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Know the West

See HCN’s best illustrations from 2021

Artists helped us visualize the complex subjects our journalists explored.

 

Sometimes a good picture really is worth a thousand words, especially when it comes to illuminating complex stories about history and community, or topics like isolation and health. This year, HCN’s illustrators helped us tackle some of the more complex subjects our journalists explored.

Amando Veve/High Country News

Amando Veve’s intricate, whimsical illustrations have accompanied Heard Around the West all year long. His approach to this book review was no less stunning.

Lauren Crow/High Country News

Lauren Crow’s finely drawn portraits accompany most of our magazine Q&As, including this conversation between Kyle T. Mays and Alaina E. Roberts, in which the two scholars dig into the complex relationship between Black and Native people.

Hokyoung Kim/High Country News

Hokyoung Kim’s moody, atmospheric illustrations underscored the depth of the hostility and isolation that Western public health officers have faced during the COVID-19 pandemic.

Steph Littlebird/High Country News

Camas root springs to life from the charred ground in Jessica Douglas’ essay on conducting a cultural burn on ancestral land. The artist, Steph Littlebird (Grande Ronde, Kalapuya), is a Siletz tribal member and Kalapuya descendant.

Cristiana Couceiro/High Country News

The puzzling jumble of figures in Cristiana Couceiro’s photo illustrations exemplify the tangled plot behind the “Ghost-Cattle Scam,” or “Cattlegate,” which describes how a desperate cattle rancher tricked Tyson into lending him millions of dollars.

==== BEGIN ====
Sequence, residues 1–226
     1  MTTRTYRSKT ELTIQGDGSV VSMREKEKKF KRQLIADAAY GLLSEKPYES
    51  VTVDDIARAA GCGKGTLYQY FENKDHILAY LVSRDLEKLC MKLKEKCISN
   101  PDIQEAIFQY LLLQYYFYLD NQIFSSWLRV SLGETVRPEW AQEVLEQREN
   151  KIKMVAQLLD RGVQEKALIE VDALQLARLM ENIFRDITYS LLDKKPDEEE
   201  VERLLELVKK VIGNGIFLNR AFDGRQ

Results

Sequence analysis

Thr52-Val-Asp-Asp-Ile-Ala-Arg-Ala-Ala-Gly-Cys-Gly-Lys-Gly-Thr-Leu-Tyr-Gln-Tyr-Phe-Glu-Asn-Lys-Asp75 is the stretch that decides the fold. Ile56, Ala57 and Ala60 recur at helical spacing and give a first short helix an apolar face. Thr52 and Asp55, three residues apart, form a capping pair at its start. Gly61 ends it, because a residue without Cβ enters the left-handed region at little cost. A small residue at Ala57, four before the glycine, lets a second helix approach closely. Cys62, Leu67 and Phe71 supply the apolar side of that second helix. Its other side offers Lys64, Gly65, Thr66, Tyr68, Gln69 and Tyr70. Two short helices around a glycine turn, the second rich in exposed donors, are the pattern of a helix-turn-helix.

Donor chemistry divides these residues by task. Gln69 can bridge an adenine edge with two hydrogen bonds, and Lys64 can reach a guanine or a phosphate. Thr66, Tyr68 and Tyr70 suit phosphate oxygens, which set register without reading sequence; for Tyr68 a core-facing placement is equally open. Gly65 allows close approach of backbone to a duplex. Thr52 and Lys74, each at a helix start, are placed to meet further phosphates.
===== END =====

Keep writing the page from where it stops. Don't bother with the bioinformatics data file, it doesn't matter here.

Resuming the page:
Krystal Quiles/High Country News

Rahsaan “New York” Thomas wrote to us from the inside of California’s San Quentin State Prison, revealing the miserable overcrowding there that has proven at least as dangerous as COVID-19. Illustrator Krystal Quiles takes us deep into the prison’s claustrophobic (and deadly) close quarters.

Abbey Andersen/High Country News

Suzanne Simard turned Western science upside-down when she confirmed what traditional Indigenous knowledge has known for eons: that trees can, and do, communicate with each other. Abbey Andersen illustrates this with her own upside-down composition, which shows how trees of different species share resources through an intricate network of mycorrhizal fungi.

Greg A. Robinson

Greg A. Robinson, a member of the Chinook Indian Nation, works primarily in natural materials such as wood and stone and bone, but his striking graphic paintings captured the enduring soul of his nation, which has been pushing for federal tribal recognition for over 120 years.

Jolene Yazzie/High Country News

The acclaimed series Reservation Dogs helped bring Indigenous filmmaking to the masses, inspiring Jason Asenap (Comanche and Muscogee Creek) to urge his fellow Indigenous critics “to claim this space for ourselves, to express honest, thoughtful opinions on the work.” Jolene Yazzie (Diné) captured the duality that Asenap faces, with a spin on the old cartoon cliché of having both angels and devils whispering into one’s ears.

Daryn Ray/High Country News

Daryn Ray’s thoughtful illustration reminds us that gender and identity originate from within, an idea that critic Claire Rudy Foster argues is passed over in Martin J. Smith’s Going to Trinidad, a book about the pioneering surgeon in rural Colorado who performed thousands of gender-affirming surgeries.

Sally Deng/High Country News

Sally Deng’s lively and colorful style echoes the work of many Depression-era Works Progress Administration artists in our review of a history of the Conservation Corps, from its origins as a New Deal outdoor-employment agency for out-of-work white men to today’s new vision of a more inclusive corps focused on clean energy and climate resiliency.

Luna Anna Archey is HCN’s associate photo editor. She lives in Paonia, Colorado. 

We welcome reader letters. Email Luna at [email protected]  or submit a letter to the editor. See our letters to the editor policy.